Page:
'12 Years' captures brutality, reality of slavery

Andrea Mandell
Benedict Cumberbatch, left, and Chiwetel Ejiofor in a scene from '12 Years A Slave.'
  • The Steve McQueen-directed film hits select theaters Friday
  • The movie has already garnered significant Oscar buzz
  • But how will Americans react to the no-holds-barred look at a difficult chapter in U.S. history%3F

TORONTO — The p-word caught in their mouths like cotton.

Film-festival favorite 12 Years a Slave showcases slavery baldly, without cushion or respite — not just physical atrocities, but also harsh language from centuries past. "There's plenty of the n-word, but when you say, 'That's my property,' I think that's as jarring and sort of disturbing as the n-word," says actor Michael Fassbender. "It's such a terrible word."

The Steve McQueen–directed, Brad Pitt–produced film (in select theaters Friday) stars Chiwetel Ejiofor as a kidnapped free man who bears beatings, lashings and a slow sap of dignity under Fassbender's psychopathic plantation owner, Edwin Epps.

The film is based on a true story. The real Solomon Northup, played by Ejiofor in the movie, wrote of his enslavement in his autobiography. In 1841 he was living as a free man in Saratoga Springs, N.Y., with his wife and three children. But Northup, an accomplished violinist, was tricked into a trip to Washington, D.C., to perform, where instead he was drugged, kidnapped and sold into slavery. In the film, Ejiofor is stripped, shackled and thrown onto a black-market slave ship, which chugs toward the Deep South under Hans Zimmer's nightmarish score.

An ugly rotation of white masters await. First he's sold to William Ford (Benedict Cumberbatch), a Baptist preacher who "doesn't practice what he preaches," says Cumberbatch. "He's somebody that I find morally repugnant because he's weak and incapable and compromising."

The work — chopping lumber — proves a manageable existence under Ford's mild rule, until the captive overestimates his place and earns sudden transfer to Epps' brutal cotton fields, where "all the rules are out the window," says Fassbender. Slaves live under a constant threat of violence. Personhood all but disappears.

"Solomon always thinks that he's in a battle for his freedom," says Ejiofor. "And of course he's going to think that, initially: 'I've got to get out of here.' And then he realizes at a certain point that he's actually in a battle for his mind."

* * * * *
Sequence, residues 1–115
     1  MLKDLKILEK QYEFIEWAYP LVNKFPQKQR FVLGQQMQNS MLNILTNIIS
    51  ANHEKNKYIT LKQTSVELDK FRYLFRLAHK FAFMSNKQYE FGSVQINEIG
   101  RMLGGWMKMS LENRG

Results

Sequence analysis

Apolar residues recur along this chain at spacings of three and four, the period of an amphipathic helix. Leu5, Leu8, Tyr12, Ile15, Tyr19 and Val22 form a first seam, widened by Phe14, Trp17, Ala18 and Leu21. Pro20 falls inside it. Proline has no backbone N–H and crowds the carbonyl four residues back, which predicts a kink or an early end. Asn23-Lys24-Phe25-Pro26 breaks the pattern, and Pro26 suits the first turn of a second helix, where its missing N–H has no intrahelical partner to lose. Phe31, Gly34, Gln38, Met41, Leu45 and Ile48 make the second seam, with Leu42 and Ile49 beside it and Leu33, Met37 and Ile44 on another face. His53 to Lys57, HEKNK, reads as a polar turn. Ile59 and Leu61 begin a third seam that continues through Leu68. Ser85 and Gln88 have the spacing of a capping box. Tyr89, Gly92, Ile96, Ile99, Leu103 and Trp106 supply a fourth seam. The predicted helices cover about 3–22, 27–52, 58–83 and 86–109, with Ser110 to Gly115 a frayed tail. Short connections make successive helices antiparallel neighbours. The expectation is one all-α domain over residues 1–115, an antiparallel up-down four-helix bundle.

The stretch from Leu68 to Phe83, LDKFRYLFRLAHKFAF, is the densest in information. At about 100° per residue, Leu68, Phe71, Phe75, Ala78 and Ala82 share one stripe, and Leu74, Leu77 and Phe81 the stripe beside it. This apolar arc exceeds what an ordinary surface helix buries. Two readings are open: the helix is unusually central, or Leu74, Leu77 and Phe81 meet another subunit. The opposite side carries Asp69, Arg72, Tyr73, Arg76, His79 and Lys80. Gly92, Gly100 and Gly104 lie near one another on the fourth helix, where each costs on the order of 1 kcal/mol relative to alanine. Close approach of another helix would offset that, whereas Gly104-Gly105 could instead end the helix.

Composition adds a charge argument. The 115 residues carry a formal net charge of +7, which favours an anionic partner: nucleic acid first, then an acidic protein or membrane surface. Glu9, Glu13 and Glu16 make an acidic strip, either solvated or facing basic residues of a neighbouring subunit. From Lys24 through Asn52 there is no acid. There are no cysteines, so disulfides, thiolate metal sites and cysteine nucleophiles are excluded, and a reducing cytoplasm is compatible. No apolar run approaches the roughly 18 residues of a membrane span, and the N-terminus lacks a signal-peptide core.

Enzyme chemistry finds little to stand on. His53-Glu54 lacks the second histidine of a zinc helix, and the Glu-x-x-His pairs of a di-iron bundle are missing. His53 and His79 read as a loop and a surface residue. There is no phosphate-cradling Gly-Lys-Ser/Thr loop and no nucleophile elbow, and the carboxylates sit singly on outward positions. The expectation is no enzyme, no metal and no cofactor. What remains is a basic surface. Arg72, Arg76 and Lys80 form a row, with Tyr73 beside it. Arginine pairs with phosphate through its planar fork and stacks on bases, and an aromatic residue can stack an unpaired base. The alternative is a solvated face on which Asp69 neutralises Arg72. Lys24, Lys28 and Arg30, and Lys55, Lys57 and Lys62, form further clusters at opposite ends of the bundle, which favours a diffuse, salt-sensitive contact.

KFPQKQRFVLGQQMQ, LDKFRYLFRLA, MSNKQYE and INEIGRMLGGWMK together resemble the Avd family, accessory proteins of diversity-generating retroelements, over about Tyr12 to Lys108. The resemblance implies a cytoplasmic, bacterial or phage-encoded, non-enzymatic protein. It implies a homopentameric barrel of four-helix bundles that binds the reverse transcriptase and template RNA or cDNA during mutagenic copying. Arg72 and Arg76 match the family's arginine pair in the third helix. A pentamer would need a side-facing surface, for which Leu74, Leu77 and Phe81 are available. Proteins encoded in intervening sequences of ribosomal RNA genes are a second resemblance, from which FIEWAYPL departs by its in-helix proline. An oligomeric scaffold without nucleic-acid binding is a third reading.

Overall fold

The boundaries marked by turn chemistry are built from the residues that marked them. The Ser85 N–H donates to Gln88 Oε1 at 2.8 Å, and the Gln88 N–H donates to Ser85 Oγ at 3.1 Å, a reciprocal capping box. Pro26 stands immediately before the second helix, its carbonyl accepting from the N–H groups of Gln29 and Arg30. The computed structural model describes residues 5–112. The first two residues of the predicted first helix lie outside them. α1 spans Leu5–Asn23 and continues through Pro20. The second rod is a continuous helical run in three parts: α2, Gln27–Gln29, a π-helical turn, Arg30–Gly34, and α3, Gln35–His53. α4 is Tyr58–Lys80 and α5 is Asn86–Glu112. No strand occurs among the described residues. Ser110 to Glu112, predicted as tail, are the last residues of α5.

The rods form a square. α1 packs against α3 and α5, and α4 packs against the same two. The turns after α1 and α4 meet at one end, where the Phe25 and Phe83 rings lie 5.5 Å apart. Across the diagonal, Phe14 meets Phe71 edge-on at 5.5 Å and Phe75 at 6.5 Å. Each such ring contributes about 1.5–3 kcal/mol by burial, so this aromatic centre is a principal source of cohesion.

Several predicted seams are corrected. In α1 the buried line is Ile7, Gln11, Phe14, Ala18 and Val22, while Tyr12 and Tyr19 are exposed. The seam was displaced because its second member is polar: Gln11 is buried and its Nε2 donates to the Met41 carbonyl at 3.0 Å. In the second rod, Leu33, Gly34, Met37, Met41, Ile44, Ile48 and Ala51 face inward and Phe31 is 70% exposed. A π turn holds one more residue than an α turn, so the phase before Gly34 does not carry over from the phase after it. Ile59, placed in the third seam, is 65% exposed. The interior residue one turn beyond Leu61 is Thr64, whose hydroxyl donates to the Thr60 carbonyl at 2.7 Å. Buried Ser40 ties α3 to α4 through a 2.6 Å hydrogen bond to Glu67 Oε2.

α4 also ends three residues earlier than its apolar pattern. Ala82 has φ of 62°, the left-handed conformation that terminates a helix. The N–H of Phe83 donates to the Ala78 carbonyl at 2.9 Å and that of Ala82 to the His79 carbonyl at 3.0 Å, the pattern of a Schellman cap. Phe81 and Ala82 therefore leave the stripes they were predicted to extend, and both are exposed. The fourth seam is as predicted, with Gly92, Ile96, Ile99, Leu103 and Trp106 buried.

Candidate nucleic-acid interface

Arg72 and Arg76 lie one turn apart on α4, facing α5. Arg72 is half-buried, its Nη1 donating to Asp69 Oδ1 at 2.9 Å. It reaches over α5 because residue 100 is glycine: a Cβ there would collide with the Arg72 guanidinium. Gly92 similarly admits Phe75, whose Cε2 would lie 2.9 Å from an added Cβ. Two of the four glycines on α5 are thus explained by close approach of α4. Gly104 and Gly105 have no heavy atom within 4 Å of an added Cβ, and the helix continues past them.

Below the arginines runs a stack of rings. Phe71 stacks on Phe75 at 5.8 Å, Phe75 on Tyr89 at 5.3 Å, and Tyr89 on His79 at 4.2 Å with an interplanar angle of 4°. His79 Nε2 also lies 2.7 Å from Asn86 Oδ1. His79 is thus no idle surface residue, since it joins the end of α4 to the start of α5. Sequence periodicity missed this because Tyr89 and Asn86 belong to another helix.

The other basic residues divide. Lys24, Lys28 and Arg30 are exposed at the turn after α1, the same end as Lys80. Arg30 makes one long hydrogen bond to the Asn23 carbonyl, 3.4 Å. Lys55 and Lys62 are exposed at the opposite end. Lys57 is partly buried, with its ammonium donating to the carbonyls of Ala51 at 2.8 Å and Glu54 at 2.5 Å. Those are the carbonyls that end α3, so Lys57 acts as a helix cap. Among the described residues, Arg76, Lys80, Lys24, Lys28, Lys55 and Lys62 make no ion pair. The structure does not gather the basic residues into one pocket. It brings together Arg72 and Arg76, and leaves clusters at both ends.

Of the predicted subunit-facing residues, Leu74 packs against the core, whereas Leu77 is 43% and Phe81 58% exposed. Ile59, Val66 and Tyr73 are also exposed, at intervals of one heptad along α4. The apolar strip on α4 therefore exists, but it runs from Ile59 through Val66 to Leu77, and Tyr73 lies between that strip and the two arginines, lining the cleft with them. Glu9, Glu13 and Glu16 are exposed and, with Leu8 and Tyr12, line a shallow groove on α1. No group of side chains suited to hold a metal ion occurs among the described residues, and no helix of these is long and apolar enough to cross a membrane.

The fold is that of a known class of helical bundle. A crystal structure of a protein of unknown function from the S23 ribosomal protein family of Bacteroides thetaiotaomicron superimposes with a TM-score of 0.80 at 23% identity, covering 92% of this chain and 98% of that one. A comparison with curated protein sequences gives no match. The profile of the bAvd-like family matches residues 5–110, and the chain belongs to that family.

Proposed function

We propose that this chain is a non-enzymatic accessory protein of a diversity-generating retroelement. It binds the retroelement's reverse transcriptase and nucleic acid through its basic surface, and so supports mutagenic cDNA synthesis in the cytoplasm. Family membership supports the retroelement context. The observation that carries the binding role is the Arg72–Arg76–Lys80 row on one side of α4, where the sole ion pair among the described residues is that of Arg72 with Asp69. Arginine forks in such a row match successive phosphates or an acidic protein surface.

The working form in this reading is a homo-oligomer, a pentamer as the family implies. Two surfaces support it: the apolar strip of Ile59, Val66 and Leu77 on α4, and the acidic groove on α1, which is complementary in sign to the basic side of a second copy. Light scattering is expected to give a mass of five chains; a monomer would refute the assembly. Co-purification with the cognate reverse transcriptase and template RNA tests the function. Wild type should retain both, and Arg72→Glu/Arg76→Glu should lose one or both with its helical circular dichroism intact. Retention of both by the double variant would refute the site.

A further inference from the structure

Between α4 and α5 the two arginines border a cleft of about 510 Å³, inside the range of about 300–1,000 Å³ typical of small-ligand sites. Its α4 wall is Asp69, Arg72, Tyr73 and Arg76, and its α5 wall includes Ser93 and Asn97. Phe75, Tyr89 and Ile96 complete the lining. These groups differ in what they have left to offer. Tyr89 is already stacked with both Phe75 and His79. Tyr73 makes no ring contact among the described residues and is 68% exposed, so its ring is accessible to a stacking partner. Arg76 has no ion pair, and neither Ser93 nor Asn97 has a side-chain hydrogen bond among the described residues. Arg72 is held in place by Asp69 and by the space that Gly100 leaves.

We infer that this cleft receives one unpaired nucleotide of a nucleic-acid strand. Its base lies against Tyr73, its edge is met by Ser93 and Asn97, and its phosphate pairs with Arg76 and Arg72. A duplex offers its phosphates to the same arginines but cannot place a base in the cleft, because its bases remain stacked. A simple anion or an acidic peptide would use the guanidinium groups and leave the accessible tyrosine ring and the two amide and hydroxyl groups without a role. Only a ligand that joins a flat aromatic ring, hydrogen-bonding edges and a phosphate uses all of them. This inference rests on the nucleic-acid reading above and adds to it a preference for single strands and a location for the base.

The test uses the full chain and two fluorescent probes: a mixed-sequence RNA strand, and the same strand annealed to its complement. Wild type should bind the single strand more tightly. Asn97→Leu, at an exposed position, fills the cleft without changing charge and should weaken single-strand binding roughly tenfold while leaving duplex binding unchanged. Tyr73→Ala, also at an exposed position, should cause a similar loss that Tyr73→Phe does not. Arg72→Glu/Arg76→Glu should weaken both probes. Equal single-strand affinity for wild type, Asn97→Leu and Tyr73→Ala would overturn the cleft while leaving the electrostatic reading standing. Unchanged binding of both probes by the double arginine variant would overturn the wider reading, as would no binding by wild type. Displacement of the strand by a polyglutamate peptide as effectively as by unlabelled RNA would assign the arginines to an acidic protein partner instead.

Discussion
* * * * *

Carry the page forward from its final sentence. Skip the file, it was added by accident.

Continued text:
Director Steve McQueen, left, Adepero Oduye and Chiwetel Ejiofor on the set of '12 Years a Slave.'

Ejiofor is new to McQueen's circle. He first broke out 16 years ago in Amistad and has spent years climbing the ranks in films such as Children of Men and Kinky Boots.

Arriving in New Orleans, he was watchful of Fassbender's brotherly relationship with McQueen, which goes back to 2008's Hunger, the movie that put Fassbender on the map, and 2011's Shame, which cemented his status in Hollywood.

"They speak to each other in grunts," says Lupita Nyong'o, who plays Patsey, a slave subjected to Epps' mercurial favor. "They hardly say anything to each other. Between takes Steve would come over and make a sound like (grunts). And Michael would be like, 'Yeah.' And then they'd be like, 'OK.' And I'd (go), 'What just happened? I have no idea!' "

"Because Michael was there the first three weeks, it meant I could observe their relationship, their dynamic," Ejiofor says. "Obviously there's that tension between an actor and a director initially, because I hadn't worked with Steve before and he hadn't worked with me before. And we didn't know whether we could dance, basically."

McQueen knew after Shame he wanted to focus on slavery, but needed a way in. Northup, he says, is a character reflective of modern audiences.

"He's a family man who's an extraordinary talent, and he gets pulled into this surreal nightmare," says McQueen. "It's very close to sort of the Brothers Grimm ... fairy tales, (in which) children are in a happy home and then they get forced into a situation and then they are reprieved, they come out of it at the other end. It's that kind of journey."

But in Epps' sweltering cotton fields, reprieve is a mythic fantasy.